as pets and for various uses at the turn-of-the-century. Medicine was still in its infancy, so bottling and selling tonics and cures from recipes given him by “an old Indian lady” added to his reputation as a healer and an honest businessman.



George, second from right with a hunting party 
that includes four of his sons, circa 1921

The older sons and daughters helped with the businesses and the younger Brown children had chores to do. Mother and her sisters climbed up onto slatted shelves in the dark basement to “sprout” Allie’s homegrown potatoes. In the fall, the girls tied paper bags around bunches of grapes ripening on the arbor to keep the birds from feasting on them before their mother could make jelly from them. They also helped to mow the lawn with a hand-pushed rotary mower and kept a large hedge by the driveway neatly trimmed.


The Dell’s arbor and a rose bed in 1914.

The Brown family was not ‘all work and no play’ however. They relaxed on weekends, particularly on Sundays when, according to Mother, “Pop would take us on trips”. They would ride the trolley to visit George’s parents at his birthplace in Manchester, with open trolley cars in summer and closed ones in winter. George would also load them up into one of his trucks and drive to Hershey Park or other amusement parks in Maryland.


A Brown family outing: hatless George in the center, 
Allie on the running board and 
Mother to the left of the smallest child.

Early on, there were many toys for the children, but Mother only remembers having to share every-
thing. Her older brother Austin (in dark coat above) had roller skates she adored. I once commented that it was nice of him to share them with her. She surprised me with her petulant reply: “He wouldn’t share them with me – so I stole them!” That got her into big trouble, as did climbing on rows of milk cans and knocking them over, cutting herself badly on her forehead. She clearly was a typical child and was sometimes naughty!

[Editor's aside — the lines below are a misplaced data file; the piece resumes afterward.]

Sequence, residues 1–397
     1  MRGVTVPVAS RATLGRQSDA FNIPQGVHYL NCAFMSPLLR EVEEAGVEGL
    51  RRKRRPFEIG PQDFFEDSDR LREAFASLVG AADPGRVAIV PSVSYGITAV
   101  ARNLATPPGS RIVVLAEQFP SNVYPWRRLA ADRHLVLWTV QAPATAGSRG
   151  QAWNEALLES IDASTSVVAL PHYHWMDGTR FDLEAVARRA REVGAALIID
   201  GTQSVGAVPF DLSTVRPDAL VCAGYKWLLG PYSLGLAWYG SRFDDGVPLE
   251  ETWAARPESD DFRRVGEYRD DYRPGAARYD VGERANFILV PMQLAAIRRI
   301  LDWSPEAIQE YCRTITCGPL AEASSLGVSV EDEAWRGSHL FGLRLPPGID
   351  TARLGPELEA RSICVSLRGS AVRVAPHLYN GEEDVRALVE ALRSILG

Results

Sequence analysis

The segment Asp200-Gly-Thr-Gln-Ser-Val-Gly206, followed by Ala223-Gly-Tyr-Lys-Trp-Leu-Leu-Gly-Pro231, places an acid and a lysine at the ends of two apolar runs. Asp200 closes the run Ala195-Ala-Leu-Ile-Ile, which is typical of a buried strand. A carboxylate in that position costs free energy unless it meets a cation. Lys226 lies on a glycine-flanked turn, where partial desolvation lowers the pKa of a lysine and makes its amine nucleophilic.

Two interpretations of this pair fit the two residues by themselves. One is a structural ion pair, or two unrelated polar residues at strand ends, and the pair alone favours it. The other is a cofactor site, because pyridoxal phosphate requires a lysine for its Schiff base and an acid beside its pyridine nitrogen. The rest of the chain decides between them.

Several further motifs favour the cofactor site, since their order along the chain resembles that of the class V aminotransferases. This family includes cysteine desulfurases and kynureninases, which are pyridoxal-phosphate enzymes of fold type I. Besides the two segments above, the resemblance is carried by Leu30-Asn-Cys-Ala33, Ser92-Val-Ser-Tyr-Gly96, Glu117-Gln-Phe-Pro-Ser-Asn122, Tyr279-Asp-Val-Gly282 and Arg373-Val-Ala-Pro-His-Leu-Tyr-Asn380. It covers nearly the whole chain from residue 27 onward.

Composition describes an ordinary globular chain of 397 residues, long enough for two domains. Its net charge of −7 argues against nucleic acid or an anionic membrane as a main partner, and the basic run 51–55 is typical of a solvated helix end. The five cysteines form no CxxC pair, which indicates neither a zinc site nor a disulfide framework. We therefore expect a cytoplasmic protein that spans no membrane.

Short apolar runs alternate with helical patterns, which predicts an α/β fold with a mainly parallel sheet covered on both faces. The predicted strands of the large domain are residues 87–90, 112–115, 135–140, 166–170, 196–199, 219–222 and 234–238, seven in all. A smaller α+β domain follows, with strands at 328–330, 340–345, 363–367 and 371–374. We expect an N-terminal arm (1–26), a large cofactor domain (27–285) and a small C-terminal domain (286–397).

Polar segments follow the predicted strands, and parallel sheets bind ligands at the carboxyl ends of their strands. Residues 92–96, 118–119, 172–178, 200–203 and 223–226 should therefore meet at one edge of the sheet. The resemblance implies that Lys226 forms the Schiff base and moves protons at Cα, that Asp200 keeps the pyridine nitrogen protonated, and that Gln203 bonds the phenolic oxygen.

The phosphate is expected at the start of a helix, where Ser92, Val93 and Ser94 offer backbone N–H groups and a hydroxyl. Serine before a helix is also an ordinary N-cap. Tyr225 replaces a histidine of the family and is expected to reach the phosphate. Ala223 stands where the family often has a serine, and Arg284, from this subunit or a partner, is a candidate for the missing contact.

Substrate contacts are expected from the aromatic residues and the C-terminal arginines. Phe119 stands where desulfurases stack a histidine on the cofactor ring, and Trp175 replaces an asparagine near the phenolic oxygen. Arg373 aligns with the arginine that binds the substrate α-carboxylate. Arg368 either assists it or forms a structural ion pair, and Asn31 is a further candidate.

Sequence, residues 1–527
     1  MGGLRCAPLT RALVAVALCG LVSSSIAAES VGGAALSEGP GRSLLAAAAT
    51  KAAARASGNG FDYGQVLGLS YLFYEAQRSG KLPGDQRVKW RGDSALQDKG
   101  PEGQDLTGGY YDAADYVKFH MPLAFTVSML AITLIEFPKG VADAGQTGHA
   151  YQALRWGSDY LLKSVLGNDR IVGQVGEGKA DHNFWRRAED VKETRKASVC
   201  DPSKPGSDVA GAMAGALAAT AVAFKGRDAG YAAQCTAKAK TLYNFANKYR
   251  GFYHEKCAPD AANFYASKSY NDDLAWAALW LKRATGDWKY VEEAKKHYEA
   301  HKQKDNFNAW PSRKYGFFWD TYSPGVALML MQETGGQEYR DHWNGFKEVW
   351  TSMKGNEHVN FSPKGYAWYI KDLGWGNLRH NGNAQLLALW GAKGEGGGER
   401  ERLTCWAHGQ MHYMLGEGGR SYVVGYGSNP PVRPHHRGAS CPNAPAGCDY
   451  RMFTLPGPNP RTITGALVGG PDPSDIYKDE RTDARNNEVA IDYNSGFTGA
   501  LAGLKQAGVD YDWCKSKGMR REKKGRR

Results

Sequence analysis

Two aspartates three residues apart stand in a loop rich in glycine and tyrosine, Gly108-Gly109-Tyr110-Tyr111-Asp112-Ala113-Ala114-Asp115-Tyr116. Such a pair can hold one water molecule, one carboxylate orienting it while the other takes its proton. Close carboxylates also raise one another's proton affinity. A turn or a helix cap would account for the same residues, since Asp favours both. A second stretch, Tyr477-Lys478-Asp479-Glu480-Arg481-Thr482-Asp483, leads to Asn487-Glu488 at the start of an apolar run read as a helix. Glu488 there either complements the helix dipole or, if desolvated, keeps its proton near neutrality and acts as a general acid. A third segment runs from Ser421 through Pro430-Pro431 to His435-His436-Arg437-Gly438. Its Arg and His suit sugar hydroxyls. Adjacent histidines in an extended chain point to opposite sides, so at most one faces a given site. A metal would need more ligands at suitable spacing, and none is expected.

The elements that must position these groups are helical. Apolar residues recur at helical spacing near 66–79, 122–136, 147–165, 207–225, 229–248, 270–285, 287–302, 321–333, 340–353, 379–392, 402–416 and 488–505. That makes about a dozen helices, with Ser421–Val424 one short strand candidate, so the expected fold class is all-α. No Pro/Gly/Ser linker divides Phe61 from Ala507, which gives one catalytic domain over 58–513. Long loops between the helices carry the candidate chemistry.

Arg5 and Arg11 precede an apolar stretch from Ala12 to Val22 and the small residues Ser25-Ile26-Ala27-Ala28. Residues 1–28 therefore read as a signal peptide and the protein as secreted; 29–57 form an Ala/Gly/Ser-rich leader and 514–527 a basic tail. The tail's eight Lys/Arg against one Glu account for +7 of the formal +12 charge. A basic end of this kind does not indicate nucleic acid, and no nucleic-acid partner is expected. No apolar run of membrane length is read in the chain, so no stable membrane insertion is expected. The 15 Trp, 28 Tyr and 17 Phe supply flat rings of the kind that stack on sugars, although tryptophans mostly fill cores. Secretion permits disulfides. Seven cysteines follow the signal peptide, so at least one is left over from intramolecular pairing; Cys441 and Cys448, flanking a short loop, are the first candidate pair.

The animals at the Dell were important to the family’s livelihood so most were not pets. There were ponies that gave rides at the York fair and a horse still used for pulling carriages and wagons. A cow provided fresh milk. Reaching ground to roof on the side of the barn where the dance hall would be built many years later, there was a large enclosure that held dozens of homing pigeons. George raised and sold them for use during the First World War, since two-way electronic voice devices had not been perfected. Pigeons were one
of the few reliable ways soldiers could communicate with their commanders during battle. Some birds became war heroes by saving the lives of hundreds of Allied soldiers, a fascinating bit of military history that I just discovered online.



Soldiers in a World War I trench preparing to release homing pigeons with important messages attached to their feet.

In addition to pigeons, there were pheasants (whose feathers were in great demand for ladies’ hats), angora rabbits whose fur was used for soft knitting yarn, ferrets that specialized in keeping houses and barns rat-free, monkeys for pets, and most plentiful – hunting dogs of all kinds. There were 100 to 200 of them on hand at any given time.
My grandfather made a large part of his fortune selling them to soldiers returning from the Great War in 1918 who wanted to relax by going out to hunt in the familiar fields of home.